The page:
It has been four years since my faith bubble burst and I began my journey into the wilderness.
Four long years of deconstructing what I actually believe.
Four years of questions why I do the things I do.
Four years of doubts if this makes sense at all.
Many months of anger at people, the church, God himself.
Many months of loneliness when I just couldn’t go back in there.
Many months of exhaustion when I was about to give up.
Many months of fear if it would always be this way – uncertain, tiring, grey.
Yesterday I spoke with a friend about our journeys and she said: “If I had to boil down faith to one word, it would be still.”
In the midst of all the questions, I still come to you for answers.
In the midst of the broken down buildings of my faith, I still find new treasures in the rubble.
In the midst of all the unknown, I still experience a peace that is not of this world.
Even though there are a lot of lonely moments, I still discover you in the least expected moments and people.
Even though there are days of exhaustion and surrender, you still surprise me and encourage me to keep going,
Even though there is a lot of grey, I still learn that it has more colors than I could ever imagine.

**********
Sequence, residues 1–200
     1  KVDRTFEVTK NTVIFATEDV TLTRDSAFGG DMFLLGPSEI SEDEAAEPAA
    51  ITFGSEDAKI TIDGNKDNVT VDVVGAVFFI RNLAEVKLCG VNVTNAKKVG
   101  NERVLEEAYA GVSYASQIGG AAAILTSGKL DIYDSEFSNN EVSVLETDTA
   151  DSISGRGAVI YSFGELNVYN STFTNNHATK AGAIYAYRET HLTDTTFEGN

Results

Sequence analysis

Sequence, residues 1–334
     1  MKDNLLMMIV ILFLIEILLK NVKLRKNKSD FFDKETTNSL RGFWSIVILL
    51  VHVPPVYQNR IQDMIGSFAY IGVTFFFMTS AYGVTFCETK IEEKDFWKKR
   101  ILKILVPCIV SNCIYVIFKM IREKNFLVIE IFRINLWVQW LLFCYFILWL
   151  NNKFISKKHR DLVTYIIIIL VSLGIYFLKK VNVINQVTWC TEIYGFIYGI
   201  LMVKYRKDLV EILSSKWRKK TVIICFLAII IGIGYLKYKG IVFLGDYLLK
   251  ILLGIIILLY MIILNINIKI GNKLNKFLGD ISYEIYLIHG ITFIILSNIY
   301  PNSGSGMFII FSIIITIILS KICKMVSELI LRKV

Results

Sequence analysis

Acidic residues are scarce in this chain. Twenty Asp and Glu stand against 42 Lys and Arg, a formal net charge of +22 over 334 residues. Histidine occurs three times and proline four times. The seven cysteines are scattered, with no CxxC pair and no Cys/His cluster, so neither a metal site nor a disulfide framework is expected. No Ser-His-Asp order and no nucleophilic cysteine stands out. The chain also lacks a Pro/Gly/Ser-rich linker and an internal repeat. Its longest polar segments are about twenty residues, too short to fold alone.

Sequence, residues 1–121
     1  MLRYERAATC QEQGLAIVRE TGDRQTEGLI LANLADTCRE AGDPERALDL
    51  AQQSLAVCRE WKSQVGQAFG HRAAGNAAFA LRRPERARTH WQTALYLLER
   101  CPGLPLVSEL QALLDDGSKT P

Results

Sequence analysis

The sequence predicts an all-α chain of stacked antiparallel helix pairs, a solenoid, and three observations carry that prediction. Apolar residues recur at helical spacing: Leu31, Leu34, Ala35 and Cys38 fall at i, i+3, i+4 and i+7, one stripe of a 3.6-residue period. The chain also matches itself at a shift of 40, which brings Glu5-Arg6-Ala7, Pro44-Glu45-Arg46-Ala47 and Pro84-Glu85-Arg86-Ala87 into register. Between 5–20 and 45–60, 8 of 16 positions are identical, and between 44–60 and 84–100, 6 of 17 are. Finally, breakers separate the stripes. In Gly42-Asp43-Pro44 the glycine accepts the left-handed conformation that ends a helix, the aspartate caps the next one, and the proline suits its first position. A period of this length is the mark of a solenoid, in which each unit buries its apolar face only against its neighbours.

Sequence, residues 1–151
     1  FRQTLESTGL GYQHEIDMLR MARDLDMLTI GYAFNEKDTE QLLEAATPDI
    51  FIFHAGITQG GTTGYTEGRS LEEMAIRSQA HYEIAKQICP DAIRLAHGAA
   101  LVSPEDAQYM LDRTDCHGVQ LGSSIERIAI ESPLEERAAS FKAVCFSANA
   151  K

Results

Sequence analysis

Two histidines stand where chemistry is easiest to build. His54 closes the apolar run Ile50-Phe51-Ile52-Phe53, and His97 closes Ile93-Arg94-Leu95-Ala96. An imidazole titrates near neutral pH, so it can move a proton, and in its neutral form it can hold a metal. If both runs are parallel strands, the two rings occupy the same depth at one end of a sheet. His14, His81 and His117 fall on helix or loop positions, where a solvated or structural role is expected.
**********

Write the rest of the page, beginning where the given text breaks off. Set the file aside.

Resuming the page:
So I still make my way into the wilderness and find that you’ve been waiting there for me.
I’ve discovered something beautiful: the loneliest steps are the ones between the city walls and the heart of the wilderness, where safety is in the rearview mirror, new territory remains to be seen, and the path out to the unknown seems empty. But put one foot in front of the other enough times, stay the course long enough to actually tunnel into the wilderness, and you’ll be shocked how many people already live out there – thriving, dancing, creating, celebrating, belonging. It is not a barren wasteland. It is not unprotected territory. It is not void of human flourishing. […] The walk out there is hard, but the authenticity out there is life.
Jen Hatmaker in: Braving the Wilderness . Brené Brown 2017.
Writing for Five Minute Friday today.
8 thoughts on “Faith in the Wilderness”
So beautiful and poignant. I loved your truth about “still.”
You have put into words what we all must do–persistently look for God and signs of his work in the world. May joy and peace be yours.
That is true, it is part of our human experience. Thanks for your wishes, Carol!
So gut, ich glaube so geht’s mir auch…
Willkommen in der Wildnis, meine Liebe! Hoffentlich entdeckst du immer wieder ihre Schönheit und Blüte!
So glad you recognize the presence of the Creator even in the midst of all things human; still. Blessings, Ellis
Thanks, Ellis! I guess that is the key: in the midst of it all…